How More Americans Are Getting a Perfect Credit Score

by Brian Riley 0

 The allusive perfect FICO score is 850 and more people than ever are getting there. Capital One offers CreditWise, an online tool that lets you simulate what will happen when you make changes to your lifestyle, with less accounts, more credit and other factors. Other versions are out there, and it kind of fun to see how the process works.

But the issue at hand is that the FICO score now sees more people at the top of the ranking. The FICO score is so pervasive in the US and many other markets, that it is news when there is a shift. The segment is growing, the perfect FICO 850, is still only 1.4% of the US market, based on the range between 300 to 850.

• Some 200 million U.S. consumers have FICO credit scores, while just under 3 million
• But over the years the number has become much more than that—it’s now an American totem of success or failure, hope or despair, security or risk.
• While there are competing models, almost anyone with a credit card knows that a number typically ranging between 300 and 850 holds huge sway over their financial life.
• This year, the average national FICO number is 700

Without a FICO score, or something that works as well, the credit card world would require hundreds of additionally underwriters to plod through piles of data which the FICO score condenses into a simple three digit number.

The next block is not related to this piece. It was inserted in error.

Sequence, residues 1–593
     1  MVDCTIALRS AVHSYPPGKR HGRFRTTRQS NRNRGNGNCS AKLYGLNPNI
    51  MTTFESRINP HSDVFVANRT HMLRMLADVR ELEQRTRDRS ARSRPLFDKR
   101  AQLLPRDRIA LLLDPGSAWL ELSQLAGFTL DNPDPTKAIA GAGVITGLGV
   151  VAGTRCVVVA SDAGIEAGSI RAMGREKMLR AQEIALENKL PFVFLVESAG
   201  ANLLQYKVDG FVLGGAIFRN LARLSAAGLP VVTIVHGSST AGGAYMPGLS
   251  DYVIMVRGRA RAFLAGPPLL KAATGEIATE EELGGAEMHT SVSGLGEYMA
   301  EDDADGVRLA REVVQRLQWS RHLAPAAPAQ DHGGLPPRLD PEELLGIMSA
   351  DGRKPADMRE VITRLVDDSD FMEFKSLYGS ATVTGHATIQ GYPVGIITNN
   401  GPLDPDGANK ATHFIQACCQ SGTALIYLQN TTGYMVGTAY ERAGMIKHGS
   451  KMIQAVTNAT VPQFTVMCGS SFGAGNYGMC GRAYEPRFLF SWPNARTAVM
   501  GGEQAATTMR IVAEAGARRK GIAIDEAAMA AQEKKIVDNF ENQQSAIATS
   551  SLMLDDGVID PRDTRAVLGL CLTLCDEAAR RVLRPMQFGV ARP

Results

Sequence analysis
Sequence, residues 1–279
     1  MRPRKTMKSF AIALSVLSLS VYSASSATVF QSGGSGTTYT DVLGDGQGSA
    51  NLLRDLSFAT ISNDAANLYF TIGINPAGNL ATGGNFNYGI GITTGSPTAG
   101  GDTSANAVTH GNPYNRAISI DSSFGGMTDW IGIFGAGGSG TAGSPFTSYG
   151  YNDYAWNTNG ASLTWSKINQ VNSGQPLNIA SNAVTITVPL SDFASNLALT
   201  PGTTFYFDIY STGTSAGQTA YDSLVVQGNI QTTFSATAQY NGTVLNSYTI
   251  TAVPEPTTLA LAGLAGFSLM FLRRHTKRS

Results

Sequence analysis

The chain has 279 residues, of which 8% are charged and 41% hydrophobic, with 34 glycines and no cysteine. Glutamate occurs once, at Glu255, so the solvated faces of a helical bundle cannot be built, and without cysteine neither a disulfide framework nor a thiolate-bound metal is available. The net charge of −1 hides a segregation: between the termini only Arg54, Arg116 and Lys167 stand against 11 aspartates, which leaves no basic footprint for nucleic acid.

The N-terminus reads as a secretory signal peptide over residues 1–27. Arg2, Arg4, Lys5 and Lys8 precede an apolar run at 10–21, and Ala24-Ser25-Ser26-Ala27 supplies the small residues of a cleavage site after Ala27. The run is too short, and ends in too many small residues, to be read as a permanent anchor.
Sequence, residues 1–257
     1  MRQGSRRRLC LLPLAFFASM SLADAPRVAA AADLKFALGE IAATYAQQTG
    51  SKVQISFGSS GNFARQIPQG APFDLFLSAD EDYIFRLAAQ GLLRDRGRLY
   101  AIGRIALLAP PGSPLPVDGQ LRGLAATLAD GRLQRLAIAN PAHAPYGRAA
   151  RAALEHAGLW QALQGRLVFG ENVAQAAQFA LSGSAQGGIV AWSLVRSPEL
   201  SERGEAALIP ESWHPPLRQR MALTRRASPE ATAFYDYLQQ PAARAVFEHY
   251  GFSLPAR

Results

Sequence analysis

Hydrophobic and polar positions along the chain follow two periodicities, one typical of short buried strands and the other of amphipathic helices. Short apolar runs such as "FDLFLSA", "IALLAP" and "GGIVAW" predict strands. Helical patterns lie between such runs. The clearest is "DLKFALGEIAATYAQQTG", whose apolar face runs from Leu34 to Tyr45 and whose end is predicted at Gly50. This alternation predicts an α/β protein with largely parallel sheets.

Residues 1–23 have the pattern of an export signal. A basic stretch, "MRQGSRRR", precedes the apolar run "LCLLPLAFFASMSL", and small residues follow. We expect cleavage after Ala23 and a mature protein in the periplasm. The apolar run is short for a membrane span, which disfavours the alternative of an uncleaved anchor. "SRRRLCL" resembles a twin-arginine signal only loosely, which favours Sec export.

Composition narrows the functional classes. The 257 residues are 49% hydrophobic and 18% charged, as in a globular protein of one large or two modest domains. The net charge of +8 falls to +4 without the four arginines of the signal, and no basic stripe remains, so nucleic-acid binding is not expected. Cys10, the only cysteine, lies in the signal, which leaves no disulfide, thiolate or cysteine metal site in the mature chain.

• It used to be that your credit score was a big mystery, or you had to pay to see it.
• Now credit card companies can’t wait to show you your score, for free.
• But those three-digit numbers you get every month aren’t necessarily the ones lenders use.
• In reality, you have dozens of scores, some based on previous versions of FICO scoring models and others developed by the three big credit bureaus.
• And your score will vary by the lender’s industry—mortgage, auto loan, credit card, and telecom services.

Plenty of good factoids in this article; it is worth a read. Also, here is a recent Mercator research note on what to do when there is insufficient bureau data.

Overview by Brian Riley, Director, Credit Advisory Service at Mercator Advisory Group

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